Last week, Professor Matthew Weait presented this excellent paper at The Future of European Prevention Among MSM Conference (FEMP 2011) in Stockholm, Sweden.
I'll also quote from the introduction here, but the entire paper is a must-read, and can be dowloaded here.
The European region is suffering from an epidemic of criminalization. Across the continent, people living with HIV are being investigated, prosecuted, convicted and imprisoned for non-deliberate HIV exposure and transmission. It is an epidemic that is causing significant harm: not only directly – to the people who are being subjected to harsh and punitive responses – but indirectly, to efforts aimed at normalizing HIV and reducing stigma, to HIV prevention work, and to attempts to affirm the importance of shared responsibility for sexual health. It is an epidemic whose impact is felt especially by people who already experience particular social and economic exclusion and vulnerability. It is an epidemic that has created, based on UNAIDS HIV prevalence estimates for 2009, some 2.2 million potential criminals in Western and Central Europe. It is an epidemic that we have to respond to collectively, and which for we have to find a cure.The paper is especially timely given important developments in Switzerland and the Nordic countries, where law reform is ongoing in Denmark, Norway and Switzerland, and civil society advocacy moving towards law reform is taking place in Finland and Sweden.
In this paper I will do three things. First, I will provide an overview of the scope, extent and distribution of criminalization in the region, and in doing so to emphasise the disparities that exist and the problematic consequences of these disparities for PLHIV. Second, I will discuss what I understand to be the reasons for criminalization, and its variation across countries. Third, and bearing in mind these reasons and variations, I will discuss some of the responses which civil society organisations and others have been making to criminalization, and at additional interventions we might consider exploring and developing.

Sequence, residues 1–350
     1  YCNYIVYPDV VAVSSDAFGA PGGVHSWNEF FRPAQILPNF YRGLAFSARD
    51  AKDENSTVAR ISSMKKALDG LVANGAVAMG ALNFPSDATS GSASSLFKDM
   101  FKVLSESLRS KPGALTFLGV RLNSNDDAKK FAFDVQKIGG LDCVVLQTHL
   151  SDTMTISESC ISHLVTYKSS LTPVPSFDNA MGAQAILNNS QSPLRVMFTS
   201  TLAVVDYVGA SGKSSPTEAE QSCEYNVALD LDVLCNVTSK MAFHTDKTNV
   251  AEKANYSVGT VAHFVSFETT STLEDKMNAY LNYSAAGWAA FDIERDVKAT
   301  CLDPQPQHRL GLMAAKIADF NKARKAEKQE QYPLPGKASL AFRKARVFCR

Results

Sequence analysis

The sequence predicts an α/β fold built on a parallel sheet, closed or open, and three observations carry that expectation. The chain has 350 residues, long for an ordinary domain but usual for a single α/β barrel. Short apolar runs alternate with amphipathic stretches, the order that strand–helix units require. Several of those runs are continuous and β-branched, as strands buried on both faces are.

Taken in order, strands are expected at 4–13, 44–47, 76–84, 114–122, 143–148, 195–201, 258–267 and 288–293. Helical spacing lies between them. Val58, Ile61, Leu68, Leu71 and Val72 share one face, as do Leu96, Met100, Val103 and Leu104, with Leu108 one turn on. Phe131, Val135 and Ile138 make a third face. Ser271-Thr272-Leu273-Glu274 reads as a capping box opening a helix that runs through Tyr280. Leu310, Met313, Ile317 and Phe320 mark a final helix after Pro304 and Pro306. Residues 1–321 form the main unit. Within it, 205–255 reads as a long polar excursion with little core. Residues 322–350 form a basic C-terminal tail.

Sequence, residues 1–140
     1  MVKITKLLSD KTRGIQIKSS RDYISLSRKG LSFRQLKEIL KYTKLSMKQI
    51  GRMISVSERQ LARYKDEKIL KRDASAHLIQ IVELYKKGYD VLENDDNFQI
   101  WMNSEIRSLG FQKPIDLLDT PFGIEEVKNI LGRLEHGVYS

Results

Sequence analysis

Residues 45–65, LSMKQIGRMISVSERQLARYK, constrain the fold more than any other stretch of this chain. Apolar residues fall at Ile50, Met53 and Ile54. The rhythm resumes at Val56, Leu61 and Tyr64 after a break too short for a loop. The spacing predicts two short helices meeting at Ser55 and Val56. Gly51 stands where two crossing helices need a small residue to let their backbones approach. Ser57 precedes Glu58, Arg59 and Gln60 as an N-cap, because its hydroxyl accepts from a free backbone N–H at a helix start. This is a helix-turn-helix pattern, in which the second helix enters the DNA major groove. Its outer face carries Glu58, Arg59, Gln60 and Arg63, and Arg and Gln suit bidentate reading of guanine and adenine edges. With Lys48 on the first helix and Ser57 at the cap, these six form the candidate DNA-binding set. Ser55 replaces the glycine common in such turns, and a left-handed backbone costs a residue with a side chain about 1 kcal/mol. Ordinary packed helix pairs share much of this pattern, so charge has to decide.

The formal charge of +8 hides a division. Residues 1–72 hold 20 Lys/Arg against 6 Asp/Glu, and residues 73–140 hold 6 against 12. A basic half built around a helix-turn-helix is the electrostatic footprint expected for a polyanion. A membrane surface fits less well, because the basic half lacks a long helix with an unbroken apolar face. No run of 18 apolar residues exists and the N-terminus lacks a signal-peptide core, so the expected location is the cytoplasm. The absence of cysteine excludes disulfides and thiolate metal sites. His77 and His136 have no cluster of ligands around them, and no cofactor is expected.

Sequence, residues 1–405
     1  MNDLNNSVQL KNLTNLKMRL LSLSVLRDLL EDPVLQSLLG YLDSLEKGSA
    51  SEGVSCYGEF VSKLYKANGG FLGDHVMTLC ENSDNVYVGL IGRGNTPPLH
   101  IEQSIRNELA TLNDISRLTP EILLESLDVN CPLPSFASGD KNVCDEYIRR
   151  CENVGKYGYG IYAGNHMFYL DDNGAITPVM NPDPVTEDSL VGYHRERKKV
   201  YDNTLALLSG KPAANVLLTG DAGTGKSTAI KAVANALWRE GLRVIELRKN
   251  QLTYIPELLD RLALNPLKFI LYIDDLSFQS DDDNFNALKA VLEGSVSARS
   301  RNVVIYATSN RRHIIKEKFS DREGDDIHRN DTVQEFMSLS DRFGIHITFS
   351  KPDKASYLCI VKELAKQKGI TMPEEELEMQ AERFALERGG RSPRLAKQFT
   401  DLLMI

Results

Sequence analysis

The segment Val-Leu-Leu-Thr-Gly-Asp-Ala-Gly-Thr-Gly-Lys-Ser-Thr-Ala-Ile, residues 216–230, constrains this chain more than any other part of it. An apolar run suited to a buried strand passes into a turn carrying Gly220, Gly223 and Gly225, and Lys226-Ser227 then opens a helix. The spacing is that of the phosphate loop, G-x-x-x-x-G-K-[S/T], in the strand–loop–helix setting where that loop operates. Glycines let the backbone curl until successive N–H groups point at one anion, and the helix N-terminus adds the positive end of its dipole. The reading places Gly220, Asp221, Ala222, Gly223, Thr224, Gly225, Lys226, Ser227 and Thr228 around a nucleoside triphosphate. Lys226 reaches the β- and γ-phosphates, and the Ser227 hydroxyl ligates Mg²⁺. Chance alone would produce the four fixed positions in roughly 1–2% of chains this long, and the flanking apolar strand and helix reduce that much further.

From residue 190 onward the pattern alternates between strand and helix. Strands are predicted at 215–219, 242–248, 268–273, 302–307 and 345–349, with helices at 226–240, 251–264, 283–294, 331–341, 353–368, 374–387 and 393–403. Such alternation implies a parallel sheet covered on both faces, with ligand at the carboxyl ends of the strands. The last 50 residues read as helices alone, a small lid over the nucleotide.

One of the most interesting aspects of Prof. Weait's paper is that he finds a correlation between attitudes towards interpersonal trust and the high per capita conviction rates in the five countries mentioned above, which helps explain why the criminal law's approach to HIV in these countries focuses on public health rather than human rights.
These correlations between interpersonal trust and conviction rates in the region become even more interesting when we learn that, according to reliable empirical research, the Scandinavian countries have a lower fear of crime, are less punitive in their attitudes to those who commit crime, and – in general – have lower rates of imprisonment for convicted offenders than other countries. If this is the case, why would HIV transmission and exposure criminalization be so high?
My answer to this is tentative, but it seems plausible to suggest that the sexual HIV cases that get as far as court and a conviction are ones which are paradigm examples of breach of trust. It is not inconsistent for a society to have a lower than average generalised fear of crime, or lower than average punitive attitudes, and at the same time to respond punitively to specific experiences of harm, especially when that arises from a belief that the person behaving harmfully could have behaved otherwise and chose not to. Indeed, it seems entirely plausible that where there are high expectations of trust, breaches of trust (for example, non-disclosure of HIV status) are treated as more significant than where value in trust is low. Combine this with countries (such as those in Scandinavia) which are committed to using law to ensure public health, and which consequently are prepared to using it to respond to the risk of harm (HIV exposure), as well as harm itself (HIV transmission), and we can see why the pattern of criminalization appears to be as it is.